As an ETF analyst diving regularly into prospectuses to figure out how a fund truly works, I’m frankly surprised by how often what I expect to find is not what’s actually there.
Some of the ETF names I see have little to do with what the funds actually hold or how they are structured.
So, with that in mind, I thought I’d share a list of the more serious offenders.
Be aware that most of the time, ETFs are the victims of their own underlying indexes and classification methodologies, and those details can be missed if investors aren’t careful.
Let’s begin with the SPDR S'P Emerging Middle East ' Africa ETF (GAF), which allocates 90 percent of the portfolio to South Africa. The remainder is split between Egypt and Morocco. As such, GAF pretty much lacks the Middle Eastern exposure its name advertises.
The fund’s underlying benchmark, the S'P Mid-East and Africa BMI Index, doesn’t have any Middle Eastern countries that it classifies as “emerging.” Israel used to fit that bill before it was reclassified as “developed” in mid-2010, and removed from the “frontier” index.
Although GAF looks like a single-country South Africa fund now, this may change if S'P upgrades Qatar and Kuwait from frontier to emerging. Perhaps this will happen in the next few years, at which point the portfolio will look a lot more like its name suggests it should.
Until then, this Emerging Markets Middle East ' Africa ETF provides zero exposure to the Middle East.
Meanwhile, the Global X FTSE Argentina 20 ETF (ARGT) doesn’t target companies domiciled in Argentina. Instead, it tracks a benchmark of firms that “directly participate in the Argentine economy.”
In addition, only shares that are open to foreign ownership without any restrictions are eligible for inclusion, such as depository receipts (DRs) and non-Argentinean listed securities. As a result, firms that exclusively trade on local markets are excluded from the index.
In the end, only about 40 percent of the companies in the fund are domiciled in Argentina. The rest are split more or less evenly among companies based in North America and Europe. Its largest holding, at 18.9 percent, is Tenaris, a manufacturer of steel pipes, with a home office in, of all places, Luxembourg.
The Guggenheim Frontier Market ETF (FRN) is another fund whose name doesn’t do justice to what’s under the hood.
FRN is a “frontier market” fund with an underlying index that follows BNY Mellon’s country classification framework. I used the quotation marks because BNY Mellon classifies Chile, Colombia, Egypt and Peru as frontier, even though these countries as classified as emerging by the biggest index providers of today, including MSCI, FTSE and S'P.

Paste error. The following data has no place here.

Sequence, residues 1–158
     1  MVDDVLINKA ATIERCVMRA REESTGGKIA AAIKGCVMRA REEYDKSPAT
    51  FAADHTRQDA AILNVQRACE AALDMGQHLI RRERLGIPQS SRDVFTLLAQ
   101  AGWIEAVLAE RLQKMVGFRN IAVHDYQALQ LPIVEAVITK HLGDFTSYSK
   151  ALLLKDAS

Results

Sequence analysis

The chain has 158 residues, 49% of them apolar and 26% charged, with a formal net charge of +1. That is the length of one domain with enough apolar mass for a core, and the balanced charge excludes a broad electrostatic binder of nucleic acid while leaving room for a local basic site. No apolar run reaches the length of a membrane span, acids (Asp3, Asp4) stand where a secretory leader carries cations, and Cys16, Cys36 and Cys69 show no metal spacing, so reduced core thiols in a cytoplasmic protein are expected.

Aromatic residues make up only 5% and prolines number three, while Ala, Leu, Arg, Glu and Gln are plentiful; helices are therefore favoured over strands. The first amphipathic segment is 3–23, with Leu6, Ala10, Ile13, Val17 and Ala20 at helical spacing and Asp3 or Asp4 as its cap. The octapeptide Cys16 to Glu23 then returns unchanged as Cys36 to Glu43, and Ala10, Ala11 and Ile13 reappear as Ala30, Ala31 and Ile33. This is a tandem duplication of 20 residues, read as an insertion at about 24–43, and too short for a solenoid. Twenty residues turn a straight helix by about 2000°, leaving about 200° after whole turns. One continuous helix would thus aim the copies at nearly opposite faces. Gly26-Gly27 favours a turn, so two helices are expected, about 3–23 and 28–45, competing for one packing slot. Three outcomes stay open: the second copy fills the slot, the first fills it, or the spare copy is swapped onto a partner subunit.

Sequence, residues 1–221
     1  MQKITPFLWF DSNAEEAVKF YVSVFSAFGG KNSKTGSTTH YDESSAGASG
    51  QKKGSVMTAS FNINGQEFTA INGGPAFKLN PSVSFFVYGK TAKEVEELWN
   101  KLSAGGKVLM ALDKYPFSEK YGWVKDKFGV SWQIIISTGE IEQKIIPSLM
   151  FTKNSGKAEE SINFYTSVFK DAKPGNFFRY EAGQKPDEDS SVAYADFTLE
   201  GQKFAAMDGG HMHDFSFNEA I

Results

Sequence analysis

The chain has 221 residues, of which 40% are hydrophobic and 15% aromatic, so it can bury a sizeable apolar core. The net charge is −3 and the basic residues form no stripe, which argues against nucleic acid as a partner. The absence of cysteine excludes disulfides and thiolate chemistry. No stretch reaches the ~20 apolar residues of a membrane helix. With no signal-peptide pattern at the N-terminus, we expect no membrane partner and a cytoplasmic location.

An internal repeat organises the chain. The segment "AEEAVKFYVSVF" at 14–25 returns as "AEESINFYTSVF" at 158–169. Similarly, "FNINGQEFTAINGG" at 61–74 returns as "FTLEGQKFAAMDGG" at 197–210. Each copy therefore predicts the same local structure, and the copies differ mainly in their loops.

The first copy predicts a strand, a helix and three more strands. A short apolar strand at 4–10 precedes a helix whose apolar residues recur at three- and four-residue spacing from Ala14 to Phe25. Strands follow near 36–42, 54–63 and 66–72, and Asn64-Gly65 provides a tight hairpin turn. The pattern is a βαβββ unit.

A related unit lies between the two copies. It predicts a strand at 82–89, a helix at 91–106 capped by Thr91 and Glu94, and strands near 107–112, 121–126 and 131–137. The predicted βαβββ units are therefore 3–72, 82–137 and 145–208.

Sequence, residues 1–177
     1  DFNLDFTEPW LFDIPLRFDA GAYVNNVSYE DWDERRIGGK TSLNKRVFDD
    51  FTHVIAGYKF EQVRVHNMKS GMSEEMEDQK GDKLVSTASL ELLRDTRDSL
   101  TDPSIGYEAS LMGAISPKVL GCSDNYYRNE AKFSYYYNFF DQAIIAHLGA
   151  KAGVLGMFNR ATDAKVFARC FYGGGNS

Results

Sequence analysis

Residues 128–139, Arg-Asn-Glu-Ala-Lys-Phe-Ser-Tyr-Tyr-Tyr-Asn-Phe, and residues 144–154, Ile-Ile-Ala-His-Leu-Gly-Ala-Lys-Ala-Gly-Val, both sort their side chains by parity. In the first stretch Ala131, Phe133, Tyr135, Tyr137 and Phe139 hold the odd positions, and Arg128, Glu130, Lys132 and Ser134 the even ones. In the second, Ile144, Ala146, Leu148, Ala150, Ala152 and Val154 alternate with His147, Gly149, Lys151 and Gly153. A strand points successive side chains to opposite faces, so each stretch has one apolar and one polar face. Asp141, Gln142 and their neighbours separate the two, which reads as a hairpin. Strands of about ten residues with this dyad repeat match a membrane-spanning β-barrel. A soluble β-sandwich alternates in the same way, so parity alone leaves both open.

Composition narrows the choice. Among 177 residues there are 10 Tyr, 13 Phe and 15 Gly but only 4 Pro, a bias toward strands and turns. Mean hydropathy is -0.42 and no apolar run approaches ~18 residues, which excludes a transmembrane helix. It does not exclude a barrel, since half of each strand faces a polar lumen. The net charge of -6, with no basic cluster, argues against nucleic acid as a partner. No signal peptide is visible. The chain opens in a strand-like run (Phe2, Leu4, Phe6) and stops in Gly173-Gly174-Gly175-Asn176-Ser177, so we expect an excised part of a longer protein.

In all fairness, country classifications are still hotly debated in the world of indexing. But BNY Mellon’s classification definitely goes against the grain on this one.
This is a shame, especially since investors who hold FRN as well as an emerging market ETF from another issuer would most likely double-dip in the country exposures mentioned above, skewing risk and returns.
Similar to ARGT, FRN can only hold DRs, which significantly reduces its ability to access local companies that don’t have listings on foreign exchanges.
The Guggenheim BRIC ETF (EEB), like FRN and ARGT, also tracks an underlying index of DRs. The problem here is that very few Russian securities trade on foreign stock exchanges, which translates to a mere 2.3 percent allocation to Russia—leaving out the “R” out of BRIC.
The argument for DR-based indexes is that they provide some liquidity advantages over their local-market counterparts since they trade during U.S. market hours, as in the case of American depository receipts (ADRs).
However, not all stocks are traded as DRs, so investors may not receive the most representative market basket.
Aside from the prevalence of DR issues, I should also point out an issue that comes up with the entire suite of sector SPDR funds, including the SPDR S'P Homebuilders (XHB); the SPDR S'P Bank ETF (KBE); as well as the SPDR S'P Metals and Mining ETF (XME).
These ETFs track equal-weighted indexes. But their names don’t reflect this, and at first blush they look like plain-vanilla market-cap-weighted sector ETFs.
That matters because equal-weighted funds have smaller-cap tilts, meaning investors that don’t know what they’re getting into might be in for a bouncier ride than, say, a broader cap-weighted ETF would deliver.
That said, the S'P indexes that these funds track don’t have “equal” in their names—so this ambiguity can be pinned on the index provider as much as on the fund issuer.
Another area of the market that tends to have misleading names is metals and mining ETFs. These types of funds don’t replicate their underlying index fully—only 80 to 90 percent has to be invested in the underlying index.
Previously, I’ve written about this issue when I looked at the presence of nongold miners in gold miners funds . For example, the Market Vector Gold Miners ETF (GDX) holds Silver Wheaton, the world’s largest silver-streaming company, in its top 10 stocks.
None of these issues crosses any legal lines—the case of SPDR equal-weighted sector funds being the perfect example—but there just has to be a better way to notify investors from the get-go.
Don’t judge a book by its cover. The names of some funds clearly don’t tell investors the whole story, so it’s crucial to look at how funds are structured and why.
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